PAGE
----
EVERY country's international thinking is profoundly affected and perhaps finally shaped by its own history, particularly its experience in time of war. The United States itself provides an admirable example. The First World War ultimately engaged American forces on the grand scale; and those forces played a great part in the getting of victory. It was, paradoxically, American leadership which did so much to create what turned out to be a non-American League of Nations. But, the war over, isolationism once more grew and prospered in the United States. The war was felt by many to have been a European war. It brought, after a decade of prosperity, a world economic depression in which even the powerful United States was, for a time, an almost helpless victim. These things inevitably had their effect on public thinking.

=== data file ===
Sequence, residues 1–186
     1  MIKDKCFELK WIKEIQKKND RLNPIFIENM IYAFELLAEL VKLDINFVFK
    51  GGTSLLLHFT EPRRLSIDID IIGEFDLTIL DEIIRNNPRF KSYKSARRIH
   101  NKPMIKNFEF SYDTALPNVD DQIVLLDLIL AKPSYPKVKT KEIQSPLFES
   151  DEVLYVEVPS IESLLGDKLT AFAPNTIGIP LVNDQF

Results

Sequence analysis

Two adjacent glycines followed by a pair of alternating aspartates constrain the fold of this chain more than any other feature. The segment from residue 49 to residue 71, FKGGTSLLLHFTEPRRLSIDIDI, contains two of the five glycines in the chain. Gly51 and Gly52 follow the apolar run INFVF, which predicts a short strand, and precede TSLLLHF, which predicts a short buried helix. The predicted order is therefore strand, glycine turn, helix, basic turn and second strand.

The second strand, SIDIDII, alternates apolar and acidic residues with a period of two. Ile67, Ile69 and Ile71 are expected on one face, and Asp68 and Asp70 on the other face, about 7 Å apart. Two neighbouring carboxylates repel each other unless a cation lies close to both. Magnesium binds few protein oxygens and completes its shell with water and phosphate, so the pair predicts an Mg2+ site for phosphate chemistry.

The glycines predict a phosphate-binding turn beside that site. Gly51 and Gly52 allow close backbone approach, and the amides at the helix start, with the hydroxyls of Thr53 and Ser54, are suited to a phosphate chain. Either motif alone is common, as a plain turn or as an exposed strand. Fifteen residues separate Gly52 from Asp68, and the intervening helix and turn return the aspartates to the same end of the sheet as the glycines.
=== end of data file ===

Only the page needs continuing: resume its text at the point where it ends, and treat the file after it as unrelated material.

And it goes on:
In 1941, when the Second World War had just surmounted its first great crisis, I visited the United States and found a great nation, one of the most powerful of all human history, almost equally divided on the question whether Hitler's war was America's war. Pearl Harbor settled all that. Pearl Harbor was nearer home than Europe had ever been in 1917 and 1918. The Japanese bombs not only blasted American battleships; they blasted isolationism to pieces, and ushered in a period, still enduring, of American world action, and therefore world responsibility, and therefore world thinking. If any historian of the future compares the American policy and the American inner consciousness of the five years after the First World War with those of the five years after the Second World War, he will find what I believe will be the key to the world history of the rest of the twentieth century.
This revolutionary event in international affairs seems to me to demonstrate my initial thesis. The United States has irrevocably gone out into the world because, in economic crisis or in battle, the world has gone into the United States.
Apply this reasoning to Australia, and you
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